Awake Craniotomy

An awake craniotomy is an operation performed in the same manner as a conventional craniotomy but with the patient awake during the procedure.

This is a preferred technique to remove tumours close to, or involving, functionally important (eloquent) regions of the brain. Performing the operation in this way allows us to test regions of the brain before they are incised or removed and also to test the patient’s function continuously throughout the operation. The overall aim is to minimise the risks of the operation.

Dr Laban trained with Henry Marsh, a pioneer of awake craniotomy, at St George’s Hospital London, UK, one of the world’s largest teaching hospital. He was selected for prestigious European Association of Neurosurgical Societies training with other luminaries in the field including Hugues Duffau. Dr Laban is a recognised expert in awake craniotomy internationally and has taught and presented on this subject in Europe, Asia and Australasia.

How is an awake craniotomy performed?

There are a variety of techniques but the one that Dr Laban most commonly uses is described here.

A craniotomy is performed under general anaesthesia. You will most likely have two intravenous lines, an arterial line and a urinary catheter inserted. Special care is taken to ensure you are comfortable during the positioning using pillows as needed. Your head is held in three-pin cranial fixation and the neuro-navigation system is used to mark the incision. A small amount of hair will be shaved along the line of the incision before it is cleaned with antiseptic solutions. Local anaesthetic will then be given around the incision. The incision is prepped and draped. Typically, a clear drape is used to enable Dr Laban to communicate freely with you and the team. Once the skull and lining of the brain are opened, you are woken up.

You will be able to see the anaesthetist, speech and language therapist and physiotherapist and talk to them. Your head will be held still but you will be able to move your arms and legs freely. Dr Laban then performs a procedure called cortical mapping. This involves stimulating the brain surface with a tiny electrical probe. If Dr Laban stimulates a motor region of the brain it may cause movement of a limb or your face; a sensory area will cause a tingling feeling; the speech areas may prevent you from speaking very briefly. By mapping out the important regions of the brain first we can aim to avoid and protect them during the operation. Whilst Dr Laban removes the tumour he will continuously test your function and if anything changes he will be able to stop.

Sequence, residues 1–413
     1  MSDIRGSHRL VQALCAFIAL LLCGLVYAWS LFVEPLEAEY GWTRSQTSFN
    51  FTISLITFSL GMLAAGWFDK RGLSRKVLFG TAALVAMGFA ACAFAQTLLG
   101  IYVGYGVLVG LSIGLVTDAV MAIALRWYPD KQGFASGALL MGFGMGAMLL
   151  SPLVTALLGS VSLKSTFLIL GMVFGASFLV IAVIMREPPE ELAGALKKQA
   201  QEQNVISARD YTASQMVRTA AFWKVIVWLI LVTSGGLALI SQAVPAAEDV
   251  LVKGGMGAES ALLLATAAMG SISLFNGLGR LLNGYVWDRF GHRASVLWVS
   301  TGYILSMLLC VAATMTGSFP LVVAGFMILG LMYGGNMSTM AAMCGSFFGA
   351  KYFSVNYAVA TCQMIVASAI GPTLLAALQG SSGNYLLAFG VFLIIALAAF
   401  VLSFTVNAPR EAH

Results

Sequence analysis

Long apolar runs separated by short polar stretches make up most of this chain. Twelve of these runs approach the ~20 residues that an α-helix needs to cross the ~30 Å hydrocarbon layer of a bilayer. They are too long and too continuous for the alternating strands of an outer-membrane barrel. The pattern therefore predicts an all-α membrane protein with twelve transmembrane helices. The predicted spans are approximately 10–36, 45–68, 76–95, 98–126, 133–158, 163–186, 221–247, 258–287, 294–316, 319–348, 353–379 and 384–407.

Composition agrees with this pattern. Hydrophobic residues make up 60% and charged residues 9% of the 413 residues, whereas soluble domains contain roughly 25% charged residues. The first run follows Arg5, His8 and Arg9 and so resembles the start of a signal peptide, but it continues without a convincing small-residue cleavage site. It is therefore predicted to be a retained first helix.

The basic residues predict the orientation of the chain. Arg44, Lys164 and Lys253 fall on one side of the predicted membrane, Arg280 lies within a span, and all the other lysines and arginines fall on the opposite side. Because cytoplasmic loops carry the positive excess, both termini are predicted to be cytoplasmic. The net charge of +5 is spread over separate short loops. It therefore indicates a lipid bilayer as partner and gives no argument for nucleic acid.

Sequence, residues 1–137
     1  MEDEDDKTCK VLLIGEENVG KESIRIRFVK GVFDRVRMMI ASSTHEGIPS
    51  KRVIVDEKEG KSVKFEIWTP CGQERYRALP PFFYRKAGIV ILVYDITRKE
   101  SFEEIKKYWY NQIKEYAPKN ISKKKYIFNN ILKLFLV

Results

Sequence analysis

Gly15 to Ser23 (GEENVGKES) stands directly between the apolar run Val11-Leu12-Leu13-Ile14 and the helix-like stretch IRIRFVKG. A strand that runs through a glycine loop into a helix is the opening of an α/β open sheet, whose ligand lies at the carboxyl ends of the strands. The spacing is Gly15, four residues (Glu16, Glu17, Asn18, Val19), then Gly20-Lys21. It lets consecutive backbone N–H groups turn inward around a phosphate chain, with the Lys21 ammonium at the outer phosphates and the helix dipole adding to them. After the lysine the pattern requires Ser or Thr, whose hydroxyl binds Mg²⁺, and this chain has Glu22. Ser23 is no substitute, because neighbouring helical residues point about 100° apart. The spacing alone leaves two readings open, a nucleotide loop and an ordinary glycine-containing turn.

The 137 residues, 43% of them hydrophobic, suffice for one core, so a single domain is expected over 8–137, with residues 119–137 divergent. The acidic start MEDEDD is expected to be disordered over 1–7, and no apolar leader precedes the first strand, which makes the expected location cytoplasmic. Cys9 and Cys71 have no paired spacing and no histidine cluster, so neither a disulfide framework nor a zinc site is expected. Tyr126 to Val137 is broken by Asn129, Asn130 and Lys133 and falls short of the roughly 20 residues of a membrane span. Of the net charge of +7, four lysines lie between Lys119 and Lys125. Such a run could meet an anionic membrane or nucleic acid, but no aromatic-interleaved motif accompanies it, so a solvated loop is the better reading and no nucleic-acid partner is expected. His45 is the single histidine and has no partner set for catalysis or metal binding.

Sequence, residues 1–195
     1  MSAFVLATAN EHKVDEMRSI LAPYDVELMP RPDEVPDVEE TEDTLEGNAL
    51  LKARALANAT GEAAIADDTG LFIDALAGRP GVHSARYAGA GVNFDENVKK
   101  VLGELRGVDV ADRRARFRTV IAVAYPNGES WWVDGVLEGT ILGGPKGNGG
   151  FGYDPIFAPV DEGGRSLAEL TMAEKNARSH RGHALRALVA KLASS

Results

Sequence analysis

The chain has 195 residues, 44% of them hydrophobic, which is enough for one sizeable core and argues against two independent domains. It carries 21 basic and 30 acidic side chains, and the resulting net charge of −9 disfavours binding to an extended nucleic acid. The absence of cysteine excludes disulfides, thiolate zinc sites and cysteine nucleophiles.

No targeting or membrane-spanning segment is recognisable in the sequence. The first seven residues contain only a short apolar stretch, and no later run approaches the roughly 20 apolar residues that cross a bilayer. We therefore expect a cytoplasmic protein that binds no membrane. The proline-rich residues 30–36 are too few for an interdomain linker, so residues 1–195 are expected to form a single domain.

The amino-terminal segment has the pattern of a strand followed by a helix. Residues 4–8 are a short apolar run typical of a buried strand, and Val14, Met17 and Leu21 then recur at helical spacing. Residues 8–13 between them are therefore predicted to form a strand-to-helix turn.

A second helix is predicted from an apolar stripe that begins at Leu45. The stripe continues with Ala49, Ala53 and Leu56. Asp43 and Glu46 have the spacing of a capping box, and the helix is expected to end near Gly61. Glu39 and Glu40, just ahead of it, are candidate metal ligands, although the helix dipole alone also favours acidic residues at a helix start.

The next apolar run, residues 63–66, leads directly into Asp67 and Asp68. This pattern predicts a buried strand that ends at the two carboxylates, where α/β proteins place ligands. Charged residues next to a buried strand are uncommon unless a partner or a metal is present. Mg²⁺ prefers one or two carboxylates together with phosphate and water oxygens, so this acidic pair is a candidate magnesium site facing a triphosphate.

After the tumour has been removed, you may be given some sedation to keep you comfortable whilst all bleeding is stopped and the dura (membrane surrounding the brain) is closed. The bone flap is replaced and secured with mini-plates and the scalp is closed. The skin is then closed with staples and the wound is dressed and often a head bandage is applied.

Post Procedure

Post-operative recovery is generally quicker than with a conventional craniotomy. As with craniotomy, you will be able to eat, drink and move around independently as safe. It’s likely you will be able to be discharged two or three days after the operation.

Surgical staples are removed one to two weeks following surgery depending on the site of surgery and whether there has been previous surgery at the same site. You can wash your hair two days after the operation. You should avoid dyeing your hair for three months.

Austroads guidelines state “a person should not drive for six months following supratentorial surgery or retraction of the cerebral hemispheres” for private drivers and “twelve months” for commercial drivers. This will apply to most patients who have had a craniotomy.


All operations carry some risk. The risks of awake craniotomy include scarring, numbness around the site of the scalp incision, headaches, bleeding, infection, CSF leak or CSF disturbance, seizures or epilepsy, stroke and neurological deficit (including visual / hearing / balance / speech / swallowing / sensory / cognitive disturbance or loss, weakness and paralysis), pain, hormone disturbance (with need for long term replacement), death, symptoms remaining the same, increasing or recurring, tumour residual or recurrence, the need for further procedures, needing to abandon awake surgery (typically because of intra-operative seizures), venous thromboembolism, cardiorespiratory complications and anaesthetic risks.